Lawyers for Audible say the legal action against its Captions programme could soon be over after making a proposal that could "moot" the ongoing lawsuit brought against it by seven US publishers, in a letter to the court.
US publishers, including Association of American Publishers (AAP) members Chronicle Books, Hachette Book Group, HarperCollins Publishers, Macmillan Publishing Group, Penguin Random House, Scholastic and Simon & Schuster, launched a lawsuit in August against Audible's Captions programme, which allows US customers to read along to their audiobooks.
The publishers argue the speech-to-text feature violates copyright law, and also called for a preliminary injunction to stop their works from being used in the feature, which Amazon's audiobook company had planned to roll out in September.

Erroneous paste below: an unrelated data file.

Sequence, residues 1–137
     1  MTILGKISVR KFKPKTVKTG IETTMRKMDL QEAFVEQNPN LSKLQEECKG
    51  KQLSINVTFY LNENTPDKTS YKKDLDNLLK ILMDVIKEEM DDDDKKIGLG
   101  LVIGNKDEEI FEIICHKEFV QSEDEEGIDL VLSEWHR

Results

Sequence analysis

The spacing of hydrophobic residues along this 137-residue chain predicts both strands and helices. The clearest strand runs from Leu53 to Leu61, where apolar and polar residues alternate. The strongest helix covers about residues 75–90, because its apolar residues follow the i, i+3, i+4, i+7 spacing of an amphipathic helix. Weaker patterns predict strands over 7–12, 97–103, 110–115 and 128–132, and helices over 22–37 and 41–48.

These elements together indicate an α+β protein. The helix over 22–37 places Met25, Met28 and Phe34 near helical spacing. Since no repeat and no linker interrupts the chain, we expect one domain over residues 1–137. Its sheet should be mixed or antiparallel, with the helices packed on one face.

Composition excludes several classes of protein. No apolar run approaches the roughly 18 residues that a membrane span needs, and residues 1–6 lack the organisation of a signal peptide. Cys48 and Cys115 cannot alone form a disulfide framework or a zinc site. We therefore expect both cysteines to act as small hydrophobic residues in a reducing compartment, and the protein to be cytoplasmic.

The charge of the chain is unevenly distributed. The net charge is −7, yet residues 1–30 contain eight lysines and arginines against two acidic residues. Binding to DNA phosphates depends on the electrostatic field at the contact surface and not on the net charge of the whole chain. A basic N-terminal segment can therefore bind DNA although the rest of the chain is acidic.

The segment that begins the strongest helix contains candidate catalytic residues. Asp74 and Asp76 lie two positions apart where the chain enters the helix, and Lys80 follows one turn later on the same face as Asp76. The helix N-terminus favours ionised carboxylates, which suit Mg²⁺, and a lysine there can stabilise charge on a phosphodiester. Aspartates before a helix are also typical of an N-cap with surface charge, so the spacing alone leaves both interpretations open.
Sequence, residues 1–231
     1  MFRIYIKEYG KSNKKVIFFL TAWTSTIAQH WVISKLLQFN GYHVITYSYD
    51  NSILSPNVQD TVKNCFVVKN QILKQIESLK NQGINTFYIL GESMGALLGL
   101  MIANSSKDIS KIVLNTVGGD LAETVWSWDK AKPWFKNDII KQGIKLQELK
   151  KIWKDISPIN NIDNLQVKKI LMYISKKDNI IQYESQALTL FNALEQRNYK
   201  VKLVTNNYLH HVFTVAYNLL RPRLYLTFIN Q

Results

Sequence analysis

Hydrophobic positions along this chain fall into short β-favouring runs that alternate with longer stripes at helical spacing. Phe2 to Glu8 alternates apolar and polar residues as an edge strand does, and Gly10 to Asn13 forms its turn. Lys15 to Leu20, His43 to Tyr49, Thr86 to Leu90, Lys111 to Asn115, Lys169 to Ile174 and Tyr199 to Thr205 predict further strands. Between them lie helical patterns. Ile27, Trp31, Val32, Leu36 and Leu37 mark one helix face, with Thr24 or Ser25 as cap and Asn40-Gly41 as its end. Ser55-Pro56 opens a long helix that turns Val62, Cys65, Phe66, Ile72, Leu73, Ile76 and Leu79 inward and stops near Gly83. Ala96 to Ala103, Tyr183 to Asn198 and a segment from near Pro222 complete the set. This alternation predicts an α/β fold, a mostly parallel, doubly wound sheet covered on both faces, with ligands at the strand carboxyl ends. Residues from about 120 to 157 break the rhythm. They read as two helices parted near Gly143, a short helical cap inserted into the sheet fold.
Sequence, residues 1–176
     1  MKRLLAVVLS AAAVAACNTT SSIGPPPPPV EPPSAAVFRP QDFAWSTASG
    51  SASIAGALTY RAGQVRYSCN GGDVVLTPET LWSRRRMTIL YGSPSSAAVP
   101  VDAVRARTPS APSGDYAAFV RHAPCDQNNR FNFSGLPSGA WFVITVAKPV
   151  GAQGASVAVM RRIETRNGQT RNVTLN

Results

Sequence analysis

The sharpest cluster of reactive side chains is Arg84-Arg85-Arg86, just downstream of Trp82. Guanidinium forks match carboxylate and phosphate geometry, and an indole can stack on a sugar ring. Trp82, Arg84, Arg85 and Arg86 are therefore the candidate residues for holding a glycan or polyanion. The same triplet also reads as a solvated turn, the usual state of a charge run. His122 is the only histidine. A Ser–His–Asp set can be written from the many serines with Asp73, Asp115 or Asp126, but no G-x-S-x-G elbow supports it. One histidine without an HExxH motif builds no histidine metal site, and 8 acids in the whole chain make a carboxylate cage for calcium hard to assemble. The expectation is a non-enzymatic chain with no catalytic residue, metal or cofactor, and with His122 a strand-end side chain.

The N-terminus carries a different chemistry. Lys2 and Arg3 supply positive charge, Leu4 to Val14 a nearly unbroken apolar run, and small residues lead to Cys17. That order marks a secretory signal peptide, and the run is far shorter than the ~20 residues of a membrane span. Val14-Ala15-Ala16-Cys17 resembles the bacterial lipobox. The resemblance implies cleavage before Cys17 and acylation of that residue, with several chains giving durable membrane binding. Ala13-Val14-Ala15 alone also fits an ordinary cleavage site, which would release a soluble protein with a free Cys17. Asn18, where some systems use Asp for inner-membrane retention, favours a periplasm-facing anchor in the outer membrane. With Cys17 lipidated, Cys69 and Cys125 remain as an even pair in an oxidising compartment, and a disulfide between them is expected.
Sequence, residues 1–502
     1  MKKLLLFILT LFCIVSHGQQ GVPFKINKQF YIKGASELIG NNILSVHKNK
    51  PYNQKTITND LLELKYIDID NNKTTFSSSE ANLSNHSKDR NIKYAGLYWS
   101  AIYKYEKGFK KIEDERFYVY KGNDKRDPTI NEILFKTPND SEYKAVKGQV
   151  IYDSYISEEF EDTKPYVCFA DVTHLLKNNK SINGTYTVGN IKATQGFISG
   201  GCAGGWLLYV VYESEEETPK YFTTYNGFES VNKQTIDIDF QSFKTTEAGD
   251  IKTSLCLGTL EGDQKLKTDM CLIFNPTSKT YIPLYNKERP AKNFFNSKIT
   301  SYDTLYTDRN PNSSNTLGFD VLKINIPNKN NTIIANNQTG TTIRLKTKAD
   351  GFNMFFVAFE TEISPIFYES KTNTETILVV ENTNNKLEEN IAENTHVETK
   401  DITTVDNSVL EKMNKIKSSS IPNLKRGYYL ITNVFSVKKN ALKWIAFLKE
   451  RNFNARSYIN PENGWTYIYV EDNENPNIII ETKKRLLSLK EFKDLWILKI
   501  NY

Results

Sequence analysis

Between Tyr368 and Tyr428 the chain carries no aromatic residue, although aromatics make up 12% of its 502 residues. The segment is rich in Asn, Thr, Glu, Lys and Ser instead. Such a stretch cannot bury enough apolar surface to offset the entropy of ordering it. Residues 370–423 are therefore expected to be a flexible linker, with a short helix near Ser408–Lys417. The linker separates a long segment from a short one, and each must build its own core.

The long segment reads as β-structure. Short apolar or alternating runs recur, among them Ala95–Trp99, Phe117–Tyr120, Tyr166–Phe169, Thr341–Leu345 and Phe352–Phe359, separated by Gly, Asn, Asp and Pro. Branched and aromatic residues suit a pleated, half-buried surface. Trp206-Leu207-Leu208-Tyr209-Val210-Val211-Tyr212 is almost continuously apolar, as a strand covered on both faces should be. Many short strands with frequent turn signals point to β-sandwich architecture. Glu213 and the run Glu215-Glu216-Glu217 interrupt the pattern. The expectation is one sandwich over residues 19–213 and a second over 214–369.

Now lawyers for Audible have asked the court handling the lawsuit to suspend considering two pending motions in the case until the end of the month, saying they believe their proposal "moots" the publishers' lawsuit.
The letter states: "Audible has made a proposal to plaintiffs concerning a potential final resolution of the lawsuit. Audible believes this proposal moots the lawsuit. Plaintiffs are considering that proposal but have not yet responded. Accordingly we respectfully request that the court suspend consideration of the pending motions for a week in order to preserve the status quo pending the parties' discussions. We will advise the court of the progress of the of those discussions on or before October 30, 2019."
Earlier this month, judge Valerie Caproni rejected Audible's request for a settlement conference to be overseen by a federal magistrate judge. In September, Audible insisted the court should reject the copyright lawsuit, arguing it is a contract issue instead.
The AAP declined to comment further but told The Bookseller the proposal is "under discussion" and they do not believe it will "moot the suit".